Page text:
# [EM] "Beatpath GMC" compliance a mistaken standard?

Juho Laatu juho4880 at yahoo.co.uk
Sun Jan 11 09:57:20 PST 2009

```--- On Sun, 11/1/09, Kristofer Munsterhjelm <km-elmet at broadpark.no> wrote:

> Let's consider the first election first, with
> truncation extended to full preference:
>
> 26: A > B > C
> 25: B > A > C
> 49: C > A = B

> 	A B C: 100 prefer {A B C} to the empty set

This case is interesting (not that it
would have any impact on the ongoing
mutual majority discussion but just
for theoretical interest).

The number of candidates was not exactly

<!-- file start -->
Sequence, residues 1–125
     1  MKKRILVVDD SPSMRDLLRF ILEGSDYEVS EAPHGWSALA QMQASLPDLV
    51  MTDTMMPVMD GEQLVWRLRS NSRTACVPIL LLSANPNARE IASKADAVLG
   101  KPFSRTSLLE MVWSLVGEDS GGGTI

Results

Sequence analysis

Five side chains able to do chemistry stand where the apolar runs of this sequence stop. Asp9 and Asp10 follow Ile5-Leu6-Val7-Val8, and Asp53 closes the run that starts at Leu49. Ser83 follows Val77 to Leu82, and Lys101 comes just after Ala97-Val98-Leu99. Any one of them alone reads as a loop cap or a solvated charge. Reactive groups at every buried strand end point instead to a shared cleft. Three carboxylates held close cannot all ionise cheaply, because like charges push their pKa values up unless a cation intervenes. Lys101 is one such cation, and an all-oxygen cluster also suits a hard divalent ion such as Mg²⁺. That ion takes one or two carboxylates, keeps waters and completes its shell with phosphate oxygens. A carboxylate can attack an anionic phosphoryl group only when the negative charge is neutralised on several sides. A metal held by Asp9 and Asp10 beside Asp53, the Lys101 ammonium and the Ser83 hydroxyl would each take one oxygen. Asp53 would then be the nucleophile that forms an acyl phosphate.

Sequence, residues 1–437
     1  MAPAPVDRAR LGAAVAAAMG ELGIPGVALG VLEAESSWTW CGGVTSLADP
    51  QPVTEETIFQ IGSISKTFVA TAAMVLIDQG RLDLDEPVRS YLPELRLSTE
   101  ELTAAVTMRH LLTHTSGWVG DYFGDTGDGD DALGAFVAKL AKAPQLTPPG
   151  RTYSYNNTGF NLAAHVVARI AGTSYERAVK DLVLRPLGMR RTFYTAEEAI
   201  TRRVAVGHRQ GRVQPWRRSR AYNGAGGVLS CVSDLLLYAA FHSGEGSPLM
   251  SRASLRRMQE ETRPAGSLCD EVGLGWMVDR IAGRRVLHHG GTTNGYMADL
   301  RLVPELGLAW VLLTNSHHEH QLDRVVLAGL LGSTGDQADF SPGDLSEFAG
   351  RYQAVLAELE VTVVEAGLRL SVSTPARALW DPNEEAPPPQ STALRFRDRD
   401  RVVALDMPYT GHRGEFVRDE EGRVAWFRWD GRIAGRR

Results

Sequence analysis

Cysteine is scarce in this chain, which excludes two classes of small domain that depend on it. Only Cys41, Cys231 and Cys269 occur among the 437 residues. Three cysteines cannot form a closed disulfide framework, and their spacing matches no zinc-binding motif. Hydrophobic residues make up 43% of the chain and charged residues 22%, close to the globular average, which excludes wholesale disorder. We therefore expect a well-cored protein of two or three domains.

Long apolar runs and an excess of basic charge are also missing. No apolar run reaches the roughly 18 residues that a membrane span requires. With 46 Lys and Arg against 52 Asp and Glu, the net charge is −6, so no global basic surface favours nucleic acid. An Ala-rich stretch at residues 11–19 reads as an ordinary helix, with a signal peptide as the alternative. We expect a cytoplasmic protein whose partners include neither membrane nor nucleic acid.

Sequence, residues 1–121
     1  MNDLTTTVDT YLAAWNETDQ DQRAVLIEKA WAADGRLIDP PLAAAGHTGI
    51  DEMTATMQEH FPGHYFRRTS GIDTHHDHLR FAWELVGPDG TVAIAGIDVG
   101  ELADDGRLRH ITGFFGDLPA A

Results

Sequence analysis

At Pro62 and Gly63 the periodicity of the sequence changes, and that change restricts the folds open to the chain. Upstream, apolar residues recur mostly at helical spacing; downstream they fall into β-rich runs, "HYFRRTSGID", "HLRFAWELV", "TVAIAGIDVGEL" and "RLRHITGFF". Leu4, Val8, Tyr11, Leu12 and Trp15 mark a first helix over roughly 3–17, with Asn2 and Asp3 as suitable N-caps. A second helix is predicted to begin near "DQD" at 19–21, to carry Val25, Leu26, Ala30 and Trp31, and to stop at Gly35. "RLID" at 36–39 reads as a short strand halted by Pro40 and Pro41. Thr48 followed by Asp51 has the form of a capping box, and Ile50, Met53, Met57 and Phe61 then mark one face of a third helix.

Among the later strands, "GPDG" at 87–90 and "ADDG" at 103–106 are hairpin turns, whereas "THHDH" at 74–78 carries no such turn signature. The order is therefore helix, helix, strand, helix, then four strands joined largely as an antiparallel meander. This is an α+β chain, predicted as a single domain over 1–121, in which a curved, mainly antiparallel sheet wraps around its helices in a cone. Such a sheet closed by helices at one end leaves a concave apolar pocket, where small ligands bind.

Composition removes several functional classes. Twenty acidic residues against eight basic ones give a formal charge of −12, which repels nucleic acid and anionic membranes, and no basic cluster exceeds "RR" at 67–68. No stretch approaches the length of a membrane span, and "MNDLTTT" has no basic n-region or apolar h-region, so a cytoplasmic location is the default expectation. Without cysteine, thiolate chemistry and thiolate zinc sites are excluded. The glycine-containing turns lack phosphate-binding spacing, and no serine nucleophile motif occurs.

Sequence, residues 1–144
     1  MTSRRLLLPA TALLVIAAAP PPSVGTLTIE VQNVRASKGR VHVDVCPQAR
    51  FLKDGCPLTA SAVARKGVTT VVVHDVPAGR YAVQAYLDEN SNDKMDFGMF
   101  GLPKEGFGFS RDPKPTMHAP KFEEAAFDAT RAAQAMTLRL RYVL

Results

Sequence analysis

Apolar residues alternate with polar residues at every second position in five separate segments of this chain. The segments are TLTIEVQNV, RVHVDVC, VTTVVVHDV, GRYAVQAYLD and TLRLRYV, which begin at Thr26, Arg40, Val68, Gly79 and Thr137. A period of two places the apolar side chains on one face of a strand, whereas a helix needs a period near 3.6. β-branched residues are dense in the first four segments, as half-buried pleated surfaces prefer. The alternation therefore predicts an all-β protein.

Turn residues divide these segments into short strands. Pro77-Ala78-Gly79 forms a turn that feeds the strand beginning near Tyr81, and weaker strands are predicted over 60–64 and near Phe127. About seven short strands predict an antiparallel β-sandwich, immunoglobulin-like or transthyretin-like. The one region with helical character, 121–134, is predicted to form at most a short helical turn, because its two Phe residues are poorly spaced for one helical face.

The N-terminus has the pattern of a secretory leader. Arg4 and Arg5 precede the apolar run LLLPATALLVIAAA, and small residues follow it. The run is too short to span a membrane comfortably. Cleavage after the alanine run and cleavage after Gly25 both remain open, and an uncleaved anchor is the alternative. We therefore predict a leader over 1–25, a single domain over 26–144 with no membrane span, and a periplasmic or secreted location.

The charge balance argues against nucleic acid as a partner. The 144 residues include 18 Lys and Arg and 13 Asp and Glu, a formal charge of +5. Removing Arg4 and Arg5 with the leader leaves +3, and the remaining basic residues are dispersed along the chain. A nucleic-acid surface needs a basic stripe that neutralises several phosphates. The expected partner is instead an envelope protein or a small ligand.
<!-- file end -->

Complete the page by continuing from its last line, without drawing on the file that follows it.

stated in the example. If there are e.g.
four candidates then the votes would be:

26: A > B > C = D
25: B > A > C = D
49: C > A = B = D

Set {A, B, C} has in this case no support.

Let's assume that there are also other
citizens (=potential candidates who
are however not candidates) than the
named candidates. The opinions of the
first 26 voters could be as follows.

26: X1 > A > B > X2 > C = D = X3 > X4

The point here is that the voters have
not said that they would prefer A, B, C
and D to the other citizens / potential
candidates (X1, X2,...).

It is ok to say that if there are no
"mutual majorities" the winner can be
elected from the whole set of candidates
{A, B, C} or {A, B, C, D} or whatever set.
One can not say that the voters would
prefer the all the candidates (or those
that are named on the ballots) to other
citizens. What is the meaning of saying
that they prefer these candidates to an
empty set?

Juho

```